How to use Remote Desktop Connection (RDC)

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I travel about once every month and my primary computer is a tower sitting under my desk. For the longest time, I accessed my email directly from my laptop on the road and tried to make sure I copied every file I might need from my home network to my laptop. The rub in this system is many hotels and WiFi networks block the port for sending email, making communication a hassle. At home, I connect to the three other machines on my local network using Remote Desktop Connection, because I have more computers than I do monitors, but I never bothered to try it from outside.

If your home computer has Windows XP Pro (or Media Center Edition) installed, you can access it from any other computer running Windows from anywhere in the world using Remote Desktop Connection. Some older versions of Windows, like 98, Me, 2000 and require remote desktop software available from Microsoft.com.

There are a few steps required to configure your home network to accept connections from outside computers and additional security measures required to keep your PC safe from people who might be scanning for computers with RDC installed.

Set A Complex Password

Remote Desktop relies on Windows XP passwords for login. If you don't currently have a password configured for your account, or if your password is something simple, change it. At minimum, your password should be 10-12 characters long, with a combination of numbers, letters and special characters. This password is no longer just designed to keep out your roommate or family members, it's going to keep the entire Internet from accessing your computer.

Change the password for your Windows user account from the Users section of the Control Panel.

Enable Remote Desktop Connections

The first thing to do is enable Remote Desktop on the machine you want to connect to. Open System Properties either by right clicking the My Computer icon in the Start menu and choosing properties or Windows Key + Pause/Break on your keyboard. Click the Remote tab in System Properties and check the box next to Allow users to connect remotely to this computer.

You can verify RDC is working by connecting from any other computer on your local network.

Configure Your Router

If your router still has the factory default password, change it. While it's unlikely anyone will find your router on the Internet, not changing the password is asking to have it hacked. A strong password of 10-16 characters is advised.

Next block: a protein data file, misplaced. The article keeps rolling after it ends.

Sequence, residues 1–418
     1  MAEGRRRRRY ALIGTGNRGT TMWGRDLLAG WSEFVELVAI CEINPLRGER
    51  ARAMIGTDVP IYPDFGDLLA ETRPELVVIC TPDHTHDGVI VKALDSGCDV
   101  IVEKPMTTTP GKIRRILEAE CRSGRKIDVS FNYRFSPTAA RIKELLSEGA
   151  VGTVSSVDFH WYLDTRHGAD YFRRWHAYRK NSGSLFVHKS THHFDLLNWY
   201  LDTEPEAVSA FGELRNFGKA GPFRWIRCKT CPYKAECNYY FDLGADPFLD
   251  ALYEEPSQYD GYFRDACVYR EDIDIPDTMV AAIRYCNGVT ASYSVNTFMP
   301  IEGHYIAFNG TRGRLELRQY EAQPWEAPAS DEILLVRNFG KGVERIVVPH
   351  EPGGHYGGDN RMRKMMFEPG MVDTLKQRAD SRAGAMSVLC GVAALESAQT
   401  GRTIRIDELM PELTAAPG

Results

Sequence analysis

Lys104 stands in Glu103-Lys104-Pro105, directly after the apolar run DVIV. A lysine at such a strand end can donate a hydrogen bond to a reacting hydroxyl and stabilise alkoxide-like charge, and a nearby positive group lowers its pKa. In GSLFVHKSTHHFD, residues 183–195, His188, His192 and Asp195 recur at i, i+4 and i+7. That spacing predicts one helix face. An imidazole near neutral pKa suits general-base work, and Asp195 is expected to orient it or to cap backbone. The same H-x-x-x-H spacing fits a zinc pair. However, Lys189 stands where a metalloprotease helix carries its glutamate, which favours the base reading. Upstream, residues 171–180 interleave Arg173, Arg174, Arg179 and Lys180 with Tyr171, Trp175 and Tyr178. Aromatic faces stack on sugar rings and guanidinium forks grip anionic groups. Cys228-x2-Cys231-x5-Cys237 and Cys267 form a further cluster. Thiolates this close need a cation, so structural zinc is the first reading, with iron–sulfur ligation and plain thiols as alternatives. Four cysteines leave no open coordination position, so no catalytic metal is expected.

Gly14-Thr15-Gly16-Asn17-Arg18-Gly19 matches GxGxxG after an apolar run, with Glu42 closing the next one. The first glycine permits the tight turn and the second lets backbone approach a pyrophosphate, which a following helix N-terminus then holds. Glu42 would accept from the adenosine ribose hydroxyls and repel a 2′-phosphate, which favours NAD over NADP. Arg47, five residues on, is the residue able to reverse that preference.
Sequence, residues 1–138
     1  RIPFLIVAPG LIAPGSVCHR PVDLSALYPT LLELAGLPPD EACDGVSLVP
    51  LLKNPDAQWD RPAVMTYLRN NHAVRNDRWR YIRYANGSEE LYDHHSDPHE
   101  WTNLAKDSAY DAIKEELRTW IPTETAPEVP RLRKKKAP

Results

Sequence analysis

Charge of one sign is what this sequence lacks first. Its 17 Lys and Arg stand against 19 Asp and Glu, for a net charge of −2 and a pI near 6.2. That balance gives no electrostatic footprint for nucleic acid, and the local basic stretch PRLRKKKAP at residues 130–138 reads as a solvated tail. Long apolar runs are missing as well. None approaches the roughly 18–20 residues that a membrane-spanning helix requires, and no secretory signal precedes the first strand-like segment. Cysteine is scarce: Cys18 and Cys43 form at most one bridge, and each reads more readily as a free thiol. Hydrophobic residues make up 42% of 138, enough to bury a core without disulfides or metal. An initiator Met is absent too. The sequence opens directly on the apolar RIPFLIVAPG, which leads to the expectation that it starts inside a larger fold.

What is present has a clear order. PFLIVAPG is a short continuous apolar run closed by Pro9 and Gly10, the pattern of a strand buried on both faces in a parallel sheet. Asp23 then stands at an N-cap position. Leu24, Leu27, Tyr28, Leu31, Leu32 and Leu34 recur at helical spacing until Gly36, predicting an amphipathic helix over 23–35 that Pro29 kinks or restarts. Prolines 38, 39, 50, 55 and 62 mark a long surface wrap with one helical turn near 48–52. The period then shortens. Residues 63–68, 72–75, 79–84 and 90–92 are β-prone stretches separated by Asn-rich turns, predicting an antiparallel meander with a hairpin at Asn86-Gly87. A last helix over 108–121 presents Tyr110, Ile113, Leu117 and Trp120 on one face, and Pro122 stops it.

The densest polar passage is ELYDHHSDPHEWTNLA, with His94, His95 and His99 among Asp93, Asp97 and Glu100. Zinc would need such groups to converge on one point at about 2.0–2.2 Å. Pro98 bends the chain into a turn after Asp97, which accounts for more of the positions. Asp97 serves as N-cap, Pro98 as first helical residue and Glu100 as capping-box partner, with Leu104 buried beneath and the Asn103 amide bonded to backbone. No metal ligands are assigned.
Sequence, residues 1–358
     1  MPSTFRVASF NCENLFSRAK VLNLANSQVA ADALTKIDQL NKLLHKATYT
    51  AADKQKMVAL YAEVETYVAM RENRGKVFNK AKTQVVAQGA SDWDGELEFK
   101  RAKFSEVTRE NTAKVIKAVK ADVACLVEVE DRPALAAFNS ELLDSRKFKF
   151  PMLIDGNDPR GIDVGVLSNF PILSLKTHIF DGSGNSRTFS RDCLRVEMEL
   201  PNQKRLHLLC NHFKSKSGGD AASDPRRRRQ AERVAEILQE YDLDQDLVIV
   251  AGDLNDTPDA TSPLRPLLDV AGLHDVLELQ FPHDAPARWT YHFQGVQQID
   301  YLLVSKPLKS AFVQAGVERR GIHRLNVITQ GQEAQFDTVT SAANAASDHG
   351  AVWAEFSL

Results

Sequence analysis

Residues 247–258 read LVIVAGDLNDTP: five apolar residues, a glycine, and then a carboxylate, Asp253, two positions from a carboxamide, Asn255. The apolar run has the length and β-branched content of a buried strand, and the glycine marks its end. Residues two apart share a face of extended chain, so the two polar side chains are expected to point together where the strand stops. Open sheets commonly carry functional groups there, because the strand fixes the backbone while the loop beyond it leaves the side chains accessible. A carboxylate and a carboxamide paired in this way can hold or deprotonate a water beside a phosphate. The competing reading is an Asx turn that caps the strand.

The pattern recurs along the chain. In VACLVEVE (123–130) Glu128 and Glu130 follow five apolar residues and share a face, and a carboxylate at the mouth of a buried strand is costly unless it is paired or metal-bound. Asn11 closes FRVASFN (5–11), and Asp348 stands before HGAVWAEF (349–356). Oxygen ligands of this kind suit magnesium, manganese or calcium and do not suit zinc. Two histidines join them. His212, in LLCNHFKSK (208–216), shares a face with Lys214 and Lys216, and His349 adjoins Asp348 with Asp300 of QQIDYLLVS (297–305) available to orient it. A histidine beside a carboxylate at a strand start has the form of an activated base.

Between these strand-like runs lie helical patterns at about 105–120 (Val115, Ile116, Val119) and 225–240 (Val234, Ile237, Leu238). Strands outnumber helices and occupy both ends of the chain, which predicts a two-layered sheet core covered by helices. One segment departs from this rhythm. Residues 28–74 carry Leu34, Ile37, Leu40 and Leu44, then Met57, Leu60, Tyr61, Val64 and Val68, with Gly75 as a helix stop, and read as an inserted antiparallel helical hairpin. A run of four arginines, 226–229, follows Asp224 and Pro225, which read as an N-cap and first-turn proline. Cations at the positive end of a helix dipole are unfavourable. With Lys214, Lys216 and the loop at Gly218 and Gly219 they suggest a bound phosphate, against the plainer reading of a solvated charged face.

The next step in the procedure is to configure your router to allow inbound connections to Remote Desktop on your local computer. This requires mapping a port on your router to a port on your local computer. The process for forwarding a port varies depending on who made your router, but in general there are a similar series of steps. Linksys refers to the port forwarding page as Applications & Gaming, most other routers refer to port forwarding options as Virtual Servers. To forward a router port your need to configure the following details:

Application or Description field: RDC
Port Range Start: 3389
Port Range End: 3389
Protocol Type: Both (or TCP if a both option isn't available)
IP Address of your PC: Type ipconfig at the command line if you don't know this
Enable: check a box to enable the port forward

Router configuration screen

For security reasons, if you don't travel often, disable this router port when you return from your trip.

Change the Remote Desktop Listening Port

For added security of your RDC setup, you can change the default port Remote Desktop Connection listens on from the host computer. This prevents detection by anyone doing a routine scan for RDC. This is also convenient if you want to connect to more than one RDC computer remotely. For instance, I have 3 computers that never leave home. By default, RDC watches the same port on all computers, which means I'll either get a conflict of some kind or I won't be able to connect at all. An alternative is to redirect RDC traffic to each computer.

You can read more about the process in Microsoft Knowledge Base article 306759

To change the listening port, you need to modify the Windows Registry. Locate the appropriate Registry key using Regedit.exe:

HKEY_LOCAL_MACHINE\System\CurrentControlSet\Control\TerminalServer\WinStations\RDP-Tcp\PortNumber

From the Edit menu, click Modify and then click Decimal. Choose a new port number. In general, choosing a number between 49152 and 65535 will avoid conflict with any other apps on your system, but you could theoretically use any port on the system. Once you set the port number you also need to configure your router to pass the specified port to your computer.

To access your computer remotely, instead of typing just the IP address, you need to type the IP address followed by the port number like this: 192.168.1.1:50001

Test Your Connection

The real trick is you need to leave home to test your configuration, so you don't really know it works until you are in the field. You need to know the IP address provided by your ISP to make the connection (Find your IP address). Visit a local coffee shop with WiFi to test the connection. Launch the Remote Desktop Connection client from Start > All Programs > Accessories > Communications.

RDC Launch screen

Enter your home IP address and cross your fingers. If all went well, you'll see the Windows Login screen.

RDC login screen